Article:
Today’s question: How are the candidates’ views on healthcare influencing your vote?
Friday, November 2, 2012
A Proud SOB’s Perspective on Healthcare and the Election
I am a proud SOB—Son of a Bartender—just like John Boehner (R-OH), the Speaker of the House of Representatives. We both grew up helping out in our Dads’ working class bars—in my case, I was the third generation to tend bar (summer job while in college) in Doherty’s Bar in Woodside, Queens, NY, owned, operated and tended by my late father Jack Doherty, an Irish immigrant. Where I respectively disagree with Speaker Boehner is on whether the Affordable Care Act (ObamaCare if you prefer) will help or hurt working class people, like the longshoremen, cops, construction workers and firefighters who patronized my Dad’s establishment. I believe it will help them and should be fully implemented, Speaker Boehner believes it will hurt them and should be repealed.
I am sure we can both cite statistics and studies to back up our views, yet I think it is important to go beyond the numbers and look at how it specifically will affect real people with real healthcare needs in real jobs, such as those who tend bar or wait tables for a living. Which brings me to a Missouri bartender I met back in 2009, before ObamaCare became law, who overheard a conversation between me and Dr. David Fleming, the then-governor of our Missouri chapter and now a member of ACP’s Board of Regents. This is an excerpt from what I wrote then in this blog:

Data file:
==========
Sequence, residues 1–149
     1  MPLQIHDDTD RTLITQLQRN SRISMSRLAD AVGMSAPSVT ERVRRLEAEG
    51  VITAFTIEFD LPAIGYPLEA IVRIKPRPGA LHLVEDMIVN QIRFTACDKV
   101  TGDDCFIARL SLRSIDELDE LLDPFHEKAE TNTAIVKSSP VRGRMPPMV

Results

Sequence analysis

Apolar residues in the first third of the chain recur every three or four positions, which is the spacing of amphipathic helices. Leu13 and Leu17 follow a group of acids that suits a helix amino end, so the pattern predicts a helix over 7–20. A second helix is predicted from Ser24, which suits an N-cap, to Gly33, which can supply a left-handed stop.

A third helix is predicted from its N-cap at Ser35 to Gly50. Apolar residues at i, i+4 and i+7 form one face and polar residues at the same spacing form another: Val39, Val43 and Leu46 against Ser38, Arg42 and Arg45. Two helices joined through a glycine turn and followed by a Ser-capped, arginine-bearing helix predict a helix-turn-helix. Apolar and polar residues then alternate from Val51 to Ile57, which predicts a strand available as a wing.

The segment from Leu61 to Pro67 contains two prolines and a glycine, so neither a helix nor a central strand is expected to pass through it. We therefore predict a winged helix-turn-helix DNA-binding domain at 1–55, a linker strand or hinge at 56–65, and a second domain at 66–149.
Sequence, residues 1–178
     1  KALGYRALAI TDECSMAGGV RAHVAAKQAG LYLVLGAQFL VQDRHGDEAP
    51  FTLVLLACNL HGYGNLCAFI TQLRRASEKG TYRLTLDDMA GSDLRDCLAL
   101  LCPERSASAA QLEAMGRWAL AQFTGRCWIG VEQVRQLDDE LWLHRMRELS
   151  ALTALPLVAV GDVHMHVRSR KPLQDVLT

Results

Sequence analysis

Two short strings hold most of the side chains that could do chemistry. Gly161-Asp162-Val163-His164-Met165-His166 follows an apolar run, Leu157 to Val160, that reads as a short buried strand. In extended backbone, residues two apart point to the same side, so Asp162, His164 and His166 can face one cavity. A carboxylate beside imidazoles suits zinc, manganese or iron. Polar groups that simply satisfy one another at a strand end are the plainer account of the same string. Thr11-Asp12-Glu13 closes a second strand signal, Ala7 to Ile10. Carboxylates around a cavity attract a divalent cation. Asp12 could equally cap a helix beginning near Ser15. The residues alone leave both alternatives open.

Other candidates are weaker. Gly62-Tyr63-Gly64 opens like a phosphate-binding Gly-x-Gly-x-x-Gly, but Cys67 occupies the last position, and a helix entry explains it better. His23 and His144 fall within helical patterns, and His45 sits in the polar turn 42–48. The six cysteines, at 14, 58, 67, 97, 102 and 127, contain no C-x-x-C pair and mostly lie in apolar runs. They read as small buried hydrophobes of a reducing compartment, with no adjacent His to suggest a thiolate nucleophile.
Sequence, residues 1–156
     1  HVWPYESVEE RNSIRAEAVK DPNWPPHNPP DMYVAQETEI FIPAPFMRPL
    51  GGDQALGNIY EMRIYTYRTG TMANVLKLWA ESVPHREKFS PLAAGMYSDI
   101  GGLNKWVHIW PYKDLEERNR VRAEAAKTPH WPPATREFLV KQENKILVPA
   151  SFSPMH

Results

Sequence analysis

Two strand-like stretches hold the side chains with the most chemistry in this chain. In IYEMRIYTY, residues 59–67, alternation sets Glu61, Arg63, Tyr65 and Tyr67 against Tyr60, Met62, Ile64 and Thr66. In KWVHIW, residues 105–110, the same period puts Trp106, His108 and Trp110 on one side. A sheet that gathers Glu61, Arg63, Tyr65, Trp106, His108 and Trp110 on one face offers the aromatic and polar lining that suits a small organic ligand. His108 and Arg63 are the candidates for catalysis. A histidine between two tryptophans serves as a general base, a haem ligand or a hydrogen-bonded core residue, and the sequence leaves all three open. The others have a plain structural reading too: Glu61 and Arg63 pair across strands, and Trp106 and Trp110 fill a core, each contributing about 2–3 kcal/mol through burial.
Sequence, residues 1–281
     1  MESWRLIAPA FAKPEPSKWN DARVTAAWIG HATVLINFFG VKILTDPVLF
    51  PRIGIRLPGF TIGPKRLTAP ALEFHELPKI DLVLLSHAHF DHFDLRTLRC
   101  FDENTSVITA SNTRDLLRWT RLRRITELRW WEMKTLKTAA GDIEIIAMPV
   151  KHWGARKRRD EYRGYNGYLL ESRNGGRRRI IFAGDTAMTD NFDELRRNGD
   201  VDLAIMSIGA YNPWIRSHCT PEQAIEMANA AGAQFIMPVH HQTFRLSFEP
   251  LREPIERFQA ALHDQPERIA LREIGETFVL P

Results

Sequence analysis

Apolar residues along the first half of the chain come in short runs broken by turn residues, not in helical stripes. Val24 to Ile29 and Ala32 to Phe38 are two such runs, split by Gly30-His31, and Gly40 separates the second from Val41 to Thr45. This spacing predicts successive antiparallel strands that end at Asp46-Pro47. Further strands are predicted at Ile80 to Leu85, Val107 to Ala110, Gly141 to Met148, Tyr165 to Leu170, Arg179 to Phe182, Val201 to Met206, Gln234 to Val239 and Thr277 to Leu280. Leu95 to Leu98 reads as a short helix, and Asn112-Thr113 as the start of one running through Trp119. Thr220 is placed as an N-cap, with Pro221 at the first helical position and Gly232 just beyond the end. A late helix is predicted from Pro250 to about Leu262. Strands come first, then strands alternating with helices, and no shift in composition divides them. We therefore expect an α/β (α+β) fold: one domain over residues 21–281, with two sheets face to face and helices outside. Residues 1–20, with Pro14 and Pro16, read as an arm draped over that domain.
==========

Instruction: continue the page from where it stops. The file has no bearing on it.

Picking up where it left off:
"I was in Missouri attending the ACP chapter meeting. Over several beers at the hotel bar, Dave Fleming, the ACP Missouri chapter governor, and I were debating whether health care is a right, privilege or societal responsibility. Our bartender overheard our conversation and asked if health care reform would help her and her family.